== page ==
MAYOR KENNEY'S proposed tax on sugary drinks has gotten Bernie Sanders, Michael Bloomberg and Warren Buffett to be involved in the debate. Sanders correctly saw the tax as regressive and a burden on poorer Philadelphians. He was chastised by all sorts of big, nanny-state liberals as not understanding that this tax was not just about funding universal prekindergarten. Stephen Stromberg, writing in the Washington Post, said of Sanders' view, "The point of soda taxes is to guide people away from over-consuming a product that no one needs to live and that should be treated as an indulgence."

So even big-government Bernie doesn't get that nanny-state nutritionists and the Starbucks crowd want to make the decisions for those who can't think for themselves. In their self-righteous view, consumers are being bamboozled by Big Soda and it's up to them to tell the real truth: put down their Mountain Dew and recognize this tax is like parents telling their young children to eat their vegetables. This whole thing drips of snobbery.

Cue the second "B" in the story - Bloomberg. He is a contributor to the pro-tax group called Philadelphians for a Fair Future. According to the Inquirer, he's joined by Houston billionaire couple John and Laura Arnold. So it's hard to talk about evil Big Soda when billionaires are lining up to advance their own personal causes.

By the way, I love that the anti-tax people call this a grocery tax. That label bothers the other side, but it gets at the fact that this tax is on all sugary drinks. In fact, Sen. Pat Toomey said on my radio show, in response to Katie McGinty, his opponent in this fall's election for Senate and a supporter of the tax, "It's even the juice box in the kids' lunch box."

This battle has even reached Buffett. The renowned investor and Cherry Coke drinker was confronted at his annual shareholders meeting last month over Berkshire Hathaway's investment of a 9 percent stake in Coca-Cola. The Financial Times reports that Buffett said "I make a choice to get 700 calories from Coke. I like fudge a lot, and peanut brittle, and I am a very happy guy." There it is. It's about choice and happiness and not about some bean counters using the power of government to dictate your beverage of choice.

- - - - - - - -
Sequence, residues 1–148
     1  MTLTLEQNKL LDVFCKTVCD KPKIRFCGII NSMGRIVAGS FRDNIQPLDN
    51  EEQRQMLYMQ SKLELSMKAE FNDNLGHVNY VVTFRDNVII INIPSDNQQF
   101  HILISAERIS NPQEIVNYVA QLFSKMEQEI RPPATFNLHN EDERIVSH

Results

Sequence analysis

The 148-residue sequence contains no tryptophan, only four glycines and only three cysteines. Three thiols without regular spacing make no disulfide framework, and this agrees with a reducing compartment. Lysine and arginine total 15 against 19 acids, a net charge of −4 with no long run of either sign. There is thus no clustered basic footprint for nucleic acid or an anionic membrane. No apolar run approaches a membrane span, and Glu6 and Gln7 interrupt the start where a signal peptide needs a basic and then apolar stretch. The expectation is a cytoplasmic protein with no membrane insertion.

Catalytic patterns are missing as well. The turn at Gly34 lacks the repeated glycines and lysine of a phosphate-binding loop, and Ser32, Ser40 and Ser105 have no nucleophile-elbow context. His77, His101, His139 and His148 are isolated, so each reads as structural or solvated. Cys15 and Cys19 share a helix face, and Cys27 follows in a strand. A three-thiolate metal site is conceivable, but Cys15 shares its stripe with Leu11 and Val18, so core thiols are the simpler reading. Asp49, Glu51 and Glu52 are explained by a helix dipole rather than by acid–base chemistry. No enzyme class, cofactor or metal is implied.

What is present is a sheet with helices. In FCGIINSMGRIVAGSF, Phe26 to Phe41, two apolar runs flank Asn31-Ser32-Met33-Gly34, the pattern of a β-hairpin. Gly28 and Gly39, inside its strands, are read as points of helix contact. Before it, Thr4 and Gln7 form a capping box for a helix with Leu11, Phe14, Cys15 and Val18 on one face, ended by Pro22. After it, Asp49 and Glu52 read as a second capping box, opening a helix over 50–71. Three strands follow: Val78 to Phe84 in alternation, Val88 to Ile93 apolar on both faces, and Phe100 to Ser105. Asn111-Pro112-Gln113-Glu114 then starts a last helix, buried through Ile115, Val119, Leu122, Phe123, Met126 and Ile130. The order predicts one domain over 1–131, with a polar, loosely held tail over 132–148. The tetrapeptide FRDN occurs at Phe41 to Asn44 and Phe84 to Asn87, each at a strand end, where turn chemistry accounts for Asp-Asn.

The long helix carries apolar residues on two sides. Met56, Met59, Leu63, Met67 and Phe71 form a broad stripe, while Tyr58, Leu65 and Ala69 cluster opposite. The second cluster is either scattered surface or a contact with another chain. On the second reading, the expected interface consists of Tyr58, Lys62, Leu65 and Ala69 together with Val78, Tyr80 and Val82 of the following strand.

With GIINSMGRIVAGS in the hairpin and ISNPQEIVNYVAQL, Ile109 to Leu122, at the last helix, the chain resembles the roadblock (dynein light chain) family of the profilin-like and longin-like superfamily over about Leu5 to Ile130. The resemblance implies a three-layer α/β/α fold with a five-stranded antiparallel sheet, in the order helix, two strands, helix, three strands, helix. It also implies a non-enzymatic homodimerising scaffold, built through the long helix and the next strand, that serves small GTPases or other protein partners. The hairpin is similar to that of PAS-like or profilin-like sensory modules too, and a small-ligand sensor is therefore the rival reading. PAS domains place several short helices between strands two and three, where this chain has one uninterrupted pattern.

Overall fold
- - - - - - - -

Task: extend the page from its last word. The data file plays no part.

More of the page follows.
The fourth "b" in this battle are bodegas. I was told off the record by a well-known Philadelphian of Latino heritage that this tax will really hurt the small Latino mini-marts often located in difficult neighborhoods. These small stores serve neighborhood needs and employ people.

In fact, at a recent rally at City Hall, Miguel Martinez, the head of the Dominican Merchants Association, underlined all of this as he made his remarks in Spanish. Will Kenney and the soda police now stoke attacks against Big Bodega? Will they say they are complicit in making people fat?

I contrast the passion of people protecting their jobs and their choices with that of Mollie Michel, a Philadelphia public school parent and blogger at She attended testimony before City Council of both sides over the sugary drinks tax. She had her 6-year-old with her, and the child asked, "Mommy, why don't these people want money to go to our schools?" Michel explained, "It's complicated." She then went on to blog about the real answer. She wrote: "Because those with the most money often have the loudest voice. Big Soda can afford t-shirts and buttons and giant signs and probably paid most of these people to be here."

I realize this is a parent wanting the best for her child. However, the real answer to the question is that the soda people don't want schools to be underfunded. They are revolting against being targeted and often maligned. They are engaged in free enterprise, and that system is under attack from people too afraid to find money for pre-K in the bloated budgets of the City of Philadelphia and the Philadelphia Public Schools.

There is no Big Soda behind the curtain. There are only moms and dads who think a bottle of soda is the least of our problems. It's time to just let them alone.

Teacher-turned-talk show host Dom Giordano is heard 9 a.m. to noon weekdays on WPHT (1210-AM). Contact him at